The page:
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Crisis times three: cyclones, the coronavirus, and inequality in Bangladesh

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Shushilan has helped ensure that people receiving distributions of food and clean water are not put at risk of coronavirus transmission. Photo: Fabeha Monir/Oxfam

An Oxfam partner responds quickly—and carefully—to help people in need.

When Cyclone Amphan—the most powerful cyclone ever recorded in the Bay of Bengal—churned into Bangladesh on May 13, it ripped apart houses and snapped power lines. Waves breached river embankments built to protect low-lying communities, and the floods that followed threatened the lives of everyone who didn’t make it to a shelter in time. Half a million people in Bangladesh may have lost their homes.

As changes in the climate warm the waters of the bay, storms here are intensifying. But this year, their impact will be magnified further and hugely complicated by the deadly coronavirus: the need for people to crowd into buildings that are safe from wind and floodwaters robs communities of a trusted tool in the fight against COVID-19—physical distancing.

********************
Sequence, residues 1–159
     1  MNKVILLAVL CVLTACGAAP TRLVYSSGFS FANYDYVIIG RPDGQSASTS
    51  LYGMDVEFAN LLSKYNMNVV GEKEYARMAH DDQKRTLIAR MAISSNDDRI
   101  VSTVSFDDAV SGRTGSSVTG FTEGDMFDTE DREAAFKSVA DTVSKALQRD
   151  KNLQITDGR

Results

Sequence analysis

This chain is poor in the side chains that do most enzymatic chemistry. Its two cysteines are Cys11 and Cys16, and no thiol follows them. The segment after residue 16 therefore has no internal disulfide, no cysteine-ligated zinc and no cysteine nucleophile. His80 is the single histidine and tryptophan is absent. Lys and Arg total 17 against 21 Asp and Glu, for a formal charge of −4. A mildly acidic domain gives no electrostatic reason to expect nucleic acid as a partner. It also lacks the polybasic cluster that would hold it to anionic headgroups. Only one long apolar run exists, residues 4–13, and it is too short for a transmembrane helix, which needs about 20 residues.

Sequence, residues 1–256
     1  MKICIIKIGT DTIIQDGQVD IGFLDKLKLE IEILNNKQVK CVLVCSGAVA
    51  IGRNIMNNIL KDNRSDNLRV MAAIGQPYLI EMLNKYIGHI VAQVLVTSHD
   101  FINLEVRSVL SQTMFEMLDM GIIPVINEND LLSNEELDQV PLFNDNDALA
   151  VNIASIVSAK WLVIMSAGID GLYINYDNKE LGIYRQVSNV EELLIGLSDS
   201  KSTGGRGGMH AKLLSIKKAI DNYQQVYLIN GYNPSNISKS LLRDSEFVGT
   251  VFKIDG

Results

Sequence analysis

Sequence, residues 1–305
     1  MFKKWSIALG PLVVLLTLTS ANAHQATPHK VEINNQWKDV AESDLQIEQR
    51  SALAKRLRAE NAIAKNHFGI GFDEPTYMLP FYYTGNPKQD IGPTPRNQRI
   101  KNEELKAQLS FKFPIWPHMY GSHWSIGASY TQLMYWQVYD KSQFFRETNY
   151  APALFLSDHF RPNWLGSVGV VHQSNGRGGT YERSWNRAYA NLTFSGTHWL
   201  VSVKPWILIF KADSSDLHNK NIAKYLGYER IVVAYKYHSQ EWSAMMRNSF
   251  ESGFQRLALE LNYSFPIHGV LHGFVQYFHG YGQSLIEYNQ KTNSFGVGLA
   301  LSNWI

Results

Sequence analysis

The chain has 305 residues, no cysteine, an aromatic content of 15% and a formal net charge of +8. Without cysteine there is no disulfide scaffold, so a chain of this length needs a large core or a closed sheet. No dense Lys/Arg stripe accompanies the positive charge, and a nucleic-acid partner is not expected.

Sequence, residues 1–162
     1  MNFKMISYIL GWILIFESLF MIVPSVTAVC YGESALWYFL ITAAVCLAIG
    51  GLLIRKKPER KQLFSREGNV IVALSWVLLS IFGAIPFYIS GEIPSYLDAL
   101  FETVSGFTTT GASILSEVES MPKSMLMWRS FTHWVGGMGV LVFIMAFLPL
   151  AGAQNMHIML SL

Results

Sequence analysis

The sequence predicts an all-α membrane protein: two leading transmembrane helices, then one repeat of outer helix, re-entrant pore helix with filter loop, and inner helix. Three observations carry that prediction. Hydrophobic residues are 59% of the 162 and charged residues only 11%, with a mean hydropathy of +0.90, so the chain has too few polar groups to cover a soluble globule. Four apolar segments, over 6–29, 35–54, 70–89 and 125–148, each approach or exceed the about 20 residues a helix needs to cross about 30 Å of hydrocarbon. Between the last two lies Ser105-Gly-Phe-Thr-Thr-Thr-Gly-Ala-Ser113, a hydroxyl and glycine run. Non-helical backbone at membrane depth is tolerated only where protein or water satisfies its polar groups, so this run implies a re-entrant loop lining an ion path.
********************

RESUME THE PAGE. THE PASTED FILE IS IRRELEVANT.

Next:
Mostafa Nuruzzaman, the director of Oxfam partner Shushilan, knew that towns like Shyamnagar in the western district of Satkhira would be hammered by the cyclone. As Amphan swept across the water toward land, the Shushilan team there did its best to prepare. They cleaned and disinfected the local cyclone shelter, and readied their own training center to provide more space for people taking refuge from the storm. They ramped up their public health messaging about masks and distancing, and prepared hand sanitizer and a bar of soap for every family arriving at the shelters. Beyond that, they simply had to hope that this relatively remote town—spared the comings and goings of busier hubs, and somewhat protected by weeks of lockdown—would be lucky enough to avert an outbreak of COVID-19.